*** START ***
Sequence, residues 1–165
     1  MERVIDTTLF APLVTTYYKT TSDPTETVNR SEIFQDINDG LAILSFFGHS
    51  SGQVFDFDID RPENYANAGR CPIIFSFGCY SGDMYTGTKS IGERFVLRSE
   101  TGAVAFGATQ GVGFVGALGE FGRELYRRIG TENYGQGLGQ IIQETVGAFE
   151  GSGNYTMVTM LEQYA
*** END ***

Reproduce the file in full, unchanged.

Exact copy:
Sequence, residues 1–165
     1  MERVIDTTLF APLVTTYYKT TSDPTETVNR SEIFQDINDG LAILSFFGHS
    51  SGQVFDFDID RPENYANAGR CPIIFSFGCY SGDMYTGTKS IGERFVLRSE
   101  TGAVAFGATQ GVGFVGALGE FGRELYRRIG TENYGQGLGQ IIQETVGAFE
   151  GSGNYTMVTM LEQYA